At the Tokyo summit, the heads of state of the G-7 countries put their signatures to an economic communique that contained all the correct positions on a number of topics - growth, trade, and interest rates, among others.
The need for lower rates was expressed more vigorously than usual - aimed, one assumes, mainly at Europe and Japan.
The question is, how is this message heard by the central banks that control interest rates in the key countries - some of which, like the German Bundesbank and the U.S. Federal Reserve, are quite independent of their governments.
Interest rates in key foreign markets have been declining for some time now, and more reductions are inevitable given depressed economies and low inflation.
Acting or Reacting on Rates
But it makes a great difference whether interest rates decline as a result of weakness in the economy and credit demands or whether they decline because a nation's central bank is actively attempting to pump up the supply of credit and money.
In Europe, the Bundesbank has been slowly lowering interest rates about in line with - and certainly not ahead of - the weakness in the German economy. l doubt that Chancellor Kohl got any guarantees about further rate declines from President Schlesinger of the Bundesbank before signing on to the communique.
But he probably felt safe in believing that rates would continue to fall gradually, given the slump in the economy.
Let Rates Fall
In my opinion, it would be better if rates fell quicker. The European exchange rate mechanism has again been under pressure, this time because the market has little faith in the French and Danish currencies. France is the key.
If France cannot be held within the exchange rate mechanism, or an orderly adjustment made, the future of the European drive to a common currency will be even more uncertain than it became after Britain and Italy withdrew from the exchange rate mechanism last year.
France's domestic situation is very weak, and it needs lower interest rates as much as or more than Germany does. The market's view about France is something like, though by no means as extreme as, its earlier attitude toward Britain.
The markets came to believe that the high interest rates needed to justify the relative value of the currency within the exchange rate mechanism could not be sustained because of Britain's domestic situation.
While in today's circumstances a dramatic crisis has so far been avoided, lower interest rates all around in Europe would go a long way to reducing the risk further.
In the Pacific
The Japanese central bank is not as independent as either the Fed or the Bundesbank. But with its government in disarray, it may be able to make its decisions less encumbered by intragovernmental disputes and pressures.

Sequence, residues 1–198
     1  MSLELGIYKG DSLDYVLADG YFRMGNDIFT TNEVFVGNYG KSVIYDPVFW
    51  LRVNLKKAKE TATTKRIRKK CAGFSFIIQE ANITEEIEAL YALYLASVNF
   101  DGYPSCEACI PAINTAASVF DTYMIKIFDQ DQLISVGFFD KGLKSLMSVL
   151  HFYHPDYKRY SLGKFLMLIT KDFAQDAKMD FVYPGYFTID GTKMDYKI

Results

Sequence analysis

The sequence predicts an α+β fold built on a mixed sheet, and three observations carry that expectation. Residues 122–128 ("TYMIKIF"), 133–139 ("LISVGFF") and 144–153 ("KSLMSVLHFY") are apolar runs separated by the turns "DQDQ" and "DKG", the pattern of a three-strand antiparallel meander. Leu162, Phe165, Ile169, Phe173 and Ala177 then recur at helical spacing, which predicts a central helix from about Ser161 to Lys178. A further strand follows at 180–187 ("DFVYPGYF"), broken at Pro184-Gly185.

In the recent past, Japan's central bank has probably resisted further rate reductions partly because it believed them risky in the face of pressures for an even more active fiscal policy in Japan.
On the other hand, the Ministry of Finance in Japan has traditionally argued for lower interest rates in an effort to deflect pressure to present budgets that involve substantial deficits.
Without a strong government, the bureaucrats of the Ministry of Finance and the Bank of Japan risk a standoff. However, the continued weak economic conditions will themselves probably compel some action, and the central bank may be better positioned in current circumstances to deliver than the rest of the government.
The Federal Reserve
I doubt that the U.S. central bank generated much concern at the summit. In real terms, short-term interest rates here are the lowest in the industrial world, and longer-term interest rates are close to the lowest.
The Fed, in the person of Mr. Greenspan's policy testimony the other day before the House Banking Committee, noted that it now expected a little more inflation and less real growth this year than it had early projected.
For some time now, it has been clear that the Fed's policy dilemma has become more acute because the trade-off between inflation and growth over the short run has become less favorable. Mr. Greenspan seemed to feel that there was more reason to worry about inflation than growth, which left the impression that any move the Fed might take would be to raise rates.
However that may be, the lower rates that are needed in the industrial world should for the most part come from Europe and Japan, where economic conditions are weakest.
The quicker they come, the better, particularly since the world will soon also have to cope with a deflationary U.S. budget package on top of a continuing shift toward fiscal restraint in Germany.